100th Anniversary of Flight in South Dakota
The South Dakota Pilots Association is promoting and supporting the 100th Anniversary of Flight in South Dakota. Aviation Historian Norma Kraemer of Deadwood, SD, is leading the effort on several fronts. If you have suggestions on activities that can promote Centennial of Flight in South Dakota please contact Norma at firstname.lastname@example.org
Schedule of Exhibits & Presentations related to South Dakota’s First Century of Flight Celebration
July 17 to Present: Traveling photo display “South Dakota’s First Century of Flight” by Norma Kraemer at Rapid City Airport for Sturgis Bike Rally travelers and others to view.
March 7, 2013: Presentation “Nellie Zabel Willhite, South Dakota’s First Woman Pilot” by Norma Kraemer at SD Air & Space Museum Speaker Series at the SDASM, Box Elder, SD. Sponsored by the Ellsworth Heritage Foundation.
September 7-9, 2012: Traveling photo display “South Dakota’s First Century of Flight” by Norma Kraemer at “Badlands RV Fly-in,” Hot Springs Airport, SD.
October 11, 2011: Large historical South Dakota aviation display at SD Air & Space Museum, Ellsworth AFB.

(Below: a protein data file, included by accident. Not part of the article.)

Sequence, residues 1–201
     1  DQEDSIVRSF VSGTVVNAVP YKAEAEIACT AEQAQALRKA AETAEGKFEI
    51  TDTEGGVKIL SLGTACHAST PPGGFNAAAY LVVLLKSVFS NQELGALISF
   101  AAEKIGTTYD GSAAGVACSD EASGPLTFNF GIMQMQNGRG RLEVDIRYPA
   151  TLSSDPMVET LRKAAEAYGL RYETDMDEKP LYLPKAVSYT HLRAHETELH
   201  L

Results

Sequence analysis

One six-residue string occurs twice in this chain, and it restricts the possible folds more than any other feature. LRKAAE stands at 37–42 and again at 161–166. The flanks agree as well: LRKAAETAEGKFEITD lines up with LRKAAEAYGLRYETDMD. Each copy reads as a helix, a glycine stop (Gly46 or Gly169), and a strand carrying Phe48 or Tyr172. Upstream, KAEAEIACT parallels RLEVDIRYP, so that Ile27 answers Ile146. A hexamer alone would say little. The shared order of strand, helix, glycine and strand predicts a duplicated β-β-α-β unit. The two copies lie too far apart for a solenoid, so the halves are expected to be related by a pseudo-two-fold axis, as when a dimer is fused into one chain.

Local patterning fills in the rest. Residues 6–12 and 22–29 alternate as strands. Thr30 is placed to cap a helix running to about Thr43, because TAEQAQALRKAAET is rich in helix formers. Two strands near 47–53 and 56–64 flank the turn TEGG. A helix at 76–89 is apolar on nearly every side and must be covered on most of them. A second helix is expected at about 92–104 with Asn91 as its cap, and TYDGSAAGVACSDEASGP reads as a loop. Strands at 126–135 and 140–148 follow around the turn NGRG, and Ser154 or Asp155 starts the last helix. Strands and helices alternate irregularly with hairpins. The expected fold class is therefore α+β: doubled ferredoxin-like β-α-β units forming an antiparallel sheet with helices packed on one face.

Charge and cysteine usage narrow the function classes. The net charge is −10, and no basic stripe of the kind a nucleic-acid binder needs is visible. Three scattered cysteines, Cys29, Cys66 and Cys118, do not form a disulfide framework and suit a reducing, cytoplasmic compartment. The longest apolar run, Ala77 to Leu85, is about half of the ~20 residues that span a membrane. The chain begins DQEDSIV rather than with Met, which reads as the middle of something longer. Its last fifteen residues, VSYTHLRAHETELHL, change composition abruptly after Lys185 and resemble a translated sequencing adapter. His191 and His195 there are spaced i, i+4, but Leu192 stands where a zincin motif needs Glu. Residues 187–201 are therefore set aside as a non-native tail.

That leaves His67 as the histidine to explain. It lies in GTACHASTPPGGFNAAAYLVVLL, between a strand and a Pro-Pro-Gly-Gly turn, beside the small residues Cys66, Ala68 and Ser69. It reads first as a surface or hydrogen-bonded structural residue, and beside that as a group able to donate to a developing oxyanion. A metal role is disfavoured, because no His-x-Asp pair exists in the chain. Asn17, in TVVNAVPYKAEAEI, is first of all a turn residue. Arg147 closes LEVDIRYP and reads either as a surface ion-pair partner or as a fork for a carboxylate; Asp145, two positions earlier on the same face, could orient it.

| A display of historical aviation photos created by Norma Kraemer was mounted on six panels of the SDPA-purchased "wall" at the SD Air & Space Museum, Ellsworth AFB, next to the display for the SD Aviation Hall of Fame plagues. The display incorporated large format photos from Norma's major museum display previously shown at The Journey Museum in Rapid City and the Cultural Heritage Museum in Pierre (Joe Drab, SD Air & Space Museum Foundation, left; Norma Kraemer, right).
September 18, 2011: Traveling photo display “South Dakota’s First Century of Flight” by Norma Kraemer at Chan Gurney Airport Breakfast, Yankton.
August 31, 2011: Traveling photo display “South Dakota’s First Century of Flight” by Norma Kraemer at General Aviation Rally, Pierre.
August 27, 2011: Presentation “Nellie Zabel Willhite, South Dakota’s First Woman Pilot” by Norma Kraemer at SD Aviation Hall of Fame event, Spearfish.